Shivaji Jayanti falls on February 19, to celebrate the birth anniversary of the Maratha emperor, Chhatrapati Shivaji Maharaj. He was born in 1630 to Shahaji Bhosle and Jijabai in the fort of Shivneri, Pune district.
Chhatrapati Shivaji Maharaj was the founder of the Maratha Empire. He is considered to be one of the greatest warriors of his time and even today, stories of his exploits are narrated as part of the folklore. Shivaji was close to his mother Jijabai, who instilled in him a strict sense of moral values.
With his valour and great administrative skills, Shivaji carved out an enclave from the declining Adilshahi sultanate of Bijapur. It eventually became the genesis of the Maratha Empire.
Although Shivaji was a devout Hindu, he promoted tolerance for all religion under his rule. His administrative policies were subject-friendly and humane, and encouraged liberty of women in his rule. He was strictly against caste discrimination and appointed people from all caste in his court.
Shivaji’s conflicts with the Bijapuri Sultanate and his continuous victories brought him under the radar of Mughal Emperor Aurangzeb. Aurangzeb saw him as a threat to expansion of his imperial intent and concentrated his efforts on eradicating the Maratha threat.
Confrontations began in 1657, when Shivaji’s generals raided and looted Mughal territories near Ahmednagar and Junnar. However, Aurangzeb’s retaliation was thwarted by arrival of rainy season and battle for succession back in Delhi. Aurangzeb directed Shaista Khan, Governor of Deccan and his maternal uncle, to subdue Shivaji. Shaista Khan launched a massive attack against Shivaji, capturing several forts under his control and even his capital Poona. Shivaji retaliated back by launching a stealth attack on Shaista Khan, eventually injuring him and evicting him from Poona. Shaista Khan later arranged multiple attacks on Shivaji, severely reducing his holds of forts in the Konkan region. To replenish his depleted treasury, Shivaji attacked Surat, an important Mughal trading center and looted the Mughal wealth. An infuriated Aurangzeb sent his chief general Jai Singh I with an army of 150,000. The Mughal forces made considerable dent, sieging forts under Shivaji’s control, extracting money and slaughtering soldiers in their wake.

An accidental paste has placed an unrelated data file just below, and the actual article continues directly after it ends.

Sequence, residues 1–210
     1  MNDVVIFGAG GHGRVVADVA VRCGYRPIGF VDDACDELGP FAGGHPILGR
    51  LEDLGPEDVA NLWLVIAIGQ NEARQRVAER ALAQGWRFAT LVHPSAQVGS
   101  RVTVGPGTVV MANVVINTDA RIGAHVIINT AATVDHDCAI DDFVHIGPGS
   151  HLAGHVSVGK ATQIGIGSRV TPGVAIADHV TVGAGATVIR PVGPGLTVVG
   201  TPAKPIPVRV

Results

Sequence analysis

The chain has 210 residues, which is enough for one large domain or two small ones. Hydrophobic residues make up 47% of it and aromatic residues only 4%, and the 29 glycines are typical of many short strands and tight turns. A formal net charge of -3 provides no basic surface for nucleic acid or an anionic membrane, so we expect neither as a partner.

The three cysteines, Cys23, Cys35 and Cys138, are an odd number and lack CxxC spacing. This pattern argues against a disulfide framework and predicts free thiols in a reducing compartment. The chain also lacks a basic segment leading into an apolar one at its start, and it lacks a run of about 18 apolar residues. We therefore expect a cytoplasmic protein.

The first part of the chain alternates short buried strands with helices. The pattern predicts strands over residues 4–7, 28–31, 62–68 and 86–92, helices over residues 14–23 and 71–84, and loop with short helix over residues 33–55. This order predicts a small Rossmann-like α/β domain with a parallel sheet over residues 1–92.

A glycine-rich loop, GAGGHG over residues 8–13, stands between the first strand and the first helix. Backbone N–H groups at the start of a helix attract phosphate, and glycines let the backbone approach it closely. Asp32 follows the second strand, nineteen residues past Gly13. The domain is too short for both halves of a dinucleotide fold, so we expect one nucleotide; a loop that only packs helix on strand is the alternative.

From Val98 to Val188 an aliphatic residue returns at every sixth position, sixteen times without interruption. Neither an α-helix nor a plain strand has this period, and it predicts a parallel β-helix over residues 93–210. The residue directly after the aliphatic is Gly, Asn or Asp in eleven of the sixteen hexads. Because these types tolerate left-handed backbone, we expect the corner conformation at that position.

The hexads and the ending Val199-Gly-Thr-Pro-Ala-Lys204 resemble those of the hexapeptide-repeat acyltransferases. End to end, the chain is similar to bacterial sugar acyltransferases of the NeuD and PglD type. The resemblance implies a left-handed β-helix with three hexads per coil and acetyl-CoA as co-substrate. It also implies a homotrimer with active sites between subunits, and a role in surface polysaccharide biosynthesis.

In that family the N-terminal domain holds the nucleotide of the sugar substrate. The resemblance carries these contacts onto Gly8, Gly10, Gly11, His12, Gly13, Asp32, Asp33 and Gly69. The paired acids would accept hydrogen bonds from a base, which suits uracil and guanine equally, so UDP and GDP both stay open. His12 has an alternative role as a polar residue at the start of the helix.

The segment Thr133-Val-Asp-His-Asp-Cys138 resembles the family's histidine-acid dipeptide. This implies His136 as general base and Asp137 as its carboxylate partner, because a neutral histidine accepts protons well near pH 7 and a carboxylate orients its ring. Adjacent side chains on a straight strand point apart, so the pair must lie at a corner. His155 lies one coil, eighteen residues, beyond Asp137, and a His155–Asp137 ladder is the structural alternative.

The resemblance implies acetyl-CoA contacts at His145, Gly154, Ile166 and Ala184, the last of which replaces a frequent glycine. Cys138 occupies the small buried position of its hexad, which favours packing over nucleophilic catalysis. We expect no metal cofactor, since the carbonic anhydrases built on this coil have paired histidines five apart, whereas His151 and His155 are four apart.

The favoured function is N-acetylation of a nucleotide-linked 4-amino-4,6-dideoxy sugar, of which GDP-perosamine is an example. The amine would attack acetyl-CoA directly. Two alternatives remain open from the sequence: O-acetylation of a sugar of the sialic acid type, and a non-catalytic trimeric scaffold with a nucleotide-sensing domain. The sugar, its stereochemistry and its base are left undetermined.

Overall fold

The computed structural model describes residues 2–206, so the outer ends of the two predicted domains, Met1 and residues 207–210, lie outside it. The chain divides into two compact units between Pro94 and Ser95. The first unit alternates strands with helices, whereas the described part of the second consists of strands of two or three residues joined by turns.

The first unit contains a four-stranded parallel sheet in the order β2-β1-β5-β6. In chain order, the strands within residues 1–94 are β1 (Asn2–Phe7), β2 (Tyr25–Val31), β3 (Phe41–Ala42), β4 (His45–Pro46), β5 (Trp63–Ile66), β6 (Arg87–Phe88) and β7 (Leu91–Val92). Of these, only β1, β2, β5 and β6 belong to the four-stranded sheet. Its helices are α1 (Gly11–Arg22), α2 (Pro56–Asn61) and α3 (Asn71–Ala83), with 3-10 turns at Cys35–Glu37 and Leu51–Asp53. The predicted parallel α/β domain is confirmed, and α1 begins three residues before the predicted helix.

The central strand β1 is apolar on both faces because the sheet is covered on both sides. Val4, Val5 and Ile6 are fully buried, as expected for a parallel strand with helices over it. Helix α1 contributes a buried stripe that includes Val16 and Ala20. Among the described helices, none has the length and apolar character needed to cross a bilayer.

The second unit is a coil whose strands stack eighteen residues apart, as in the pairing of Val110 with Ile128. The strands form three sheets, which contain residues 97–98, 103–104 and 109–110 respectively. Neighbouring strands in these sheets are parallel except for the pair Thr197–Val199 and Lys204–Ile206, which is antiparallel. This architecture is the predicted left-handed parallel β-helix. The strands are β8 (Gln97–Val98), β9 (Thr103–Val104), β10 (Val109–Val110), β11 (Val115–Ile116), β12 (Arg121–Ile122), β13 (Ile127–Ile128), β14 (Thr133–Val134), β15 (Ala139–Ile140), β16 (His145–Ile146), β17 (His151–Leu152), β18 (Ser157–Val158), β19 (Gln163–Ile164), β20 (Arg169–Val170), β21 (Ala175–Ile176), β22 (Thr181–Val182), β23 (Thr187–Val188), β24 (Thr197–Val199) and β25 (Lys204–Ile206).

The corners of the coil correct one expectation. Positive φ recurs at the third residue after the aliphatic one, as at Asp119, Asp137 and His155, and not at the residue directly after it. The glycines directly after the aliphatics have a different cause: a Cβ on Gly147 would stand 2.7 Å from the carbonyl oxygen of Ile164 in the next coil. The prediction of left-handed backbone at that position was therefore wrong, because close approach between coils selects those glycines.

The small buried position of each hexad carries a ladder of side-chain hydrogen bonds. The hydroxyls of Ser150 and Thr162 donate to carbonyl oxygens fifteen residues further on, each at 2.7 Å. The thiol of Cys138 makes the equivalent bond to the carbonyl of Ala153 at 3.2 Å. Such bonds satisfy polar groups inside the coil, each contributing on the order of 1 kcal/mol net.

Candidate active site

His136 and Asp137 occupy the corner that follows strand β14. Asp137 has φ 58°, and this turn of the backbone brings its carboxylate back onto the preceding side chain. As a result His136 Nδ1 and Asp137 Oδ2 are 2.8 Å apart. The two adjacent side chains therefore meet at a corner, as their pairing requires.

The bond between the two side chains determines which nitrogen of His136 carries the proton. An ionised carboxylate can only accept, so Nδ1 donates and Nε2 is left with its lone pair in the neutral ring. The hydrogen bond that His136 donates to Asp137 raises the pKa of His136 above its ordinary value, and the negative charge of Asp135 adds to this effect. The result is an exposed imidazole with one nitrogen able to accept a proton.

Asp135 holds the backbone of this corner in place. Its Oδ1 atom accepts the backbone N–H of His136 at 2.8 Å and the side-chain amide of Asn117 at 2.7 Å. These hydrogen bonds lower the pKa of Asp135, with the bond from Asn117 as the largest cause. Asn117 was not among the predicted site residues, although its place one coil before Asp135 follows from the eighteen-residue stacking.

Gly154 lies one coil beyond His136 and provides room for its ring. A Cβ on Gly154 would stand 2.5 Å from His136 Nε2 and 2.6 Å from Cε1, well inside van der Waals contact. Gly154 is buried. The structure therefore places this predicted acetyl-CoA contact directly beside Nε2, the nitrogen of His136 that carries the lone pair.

Shivaji agreed to come to an agreement with Aurangzeb to prevent further loss of life and the Treaty of Purandar was signed between Shivaji and Jai Singh on June 11, 1665. Shivaji agreed to surrender 23 forts, keeping 12 for himself and pay a sum of 400,000 as compensation to the Mughal Empire.
Aurangzeb invited Shivaji to Agra with an aim to use his military prowess to consolidate Mughal empires in Afghanistan. Shivaji travelled to Agra with his eight year old son Sambhaji and was offended by Aurangzeb’s treatment of him. He stormed out of the court and an offended Aurangzeb placed him under house arrest. But Shivaji once again used his wit and cunning to escape the imprisonment. He feigned severe illness and arranged for baskets of sweets to be sent to temple as offerings for prayer. He disguised as one of the carriers and hid his son in one of the baskets, and escaped on August 17, 1666. In subsequent times, Mughal and Maratha hostilities were pacified to a large extent by constant mediation through Mughal Sardar Jaswant Singh. Peace lasted till 1670, after which Shivaji launched an all-out offense against the Mughals. He recovered most of his territories sieged by the Mughals within four months.
Shivaji conquered Khandesh, Janjira, Ramnagar and Belgaum. He captured forts at Vellore and Gingee, controlled by the Adil Shahi rulers.
Shivaji died at the age of 52 due to dysentery on April 3, 1680, at the Raigad fort, on the eve of Hanuman Jayanti.
Shivaji’s military forces expanded the Maratha sphere of influence, capturing and building forts, and forming a Maratha navy. He established a competent and progressive civil rule with well-structured administrative organisations.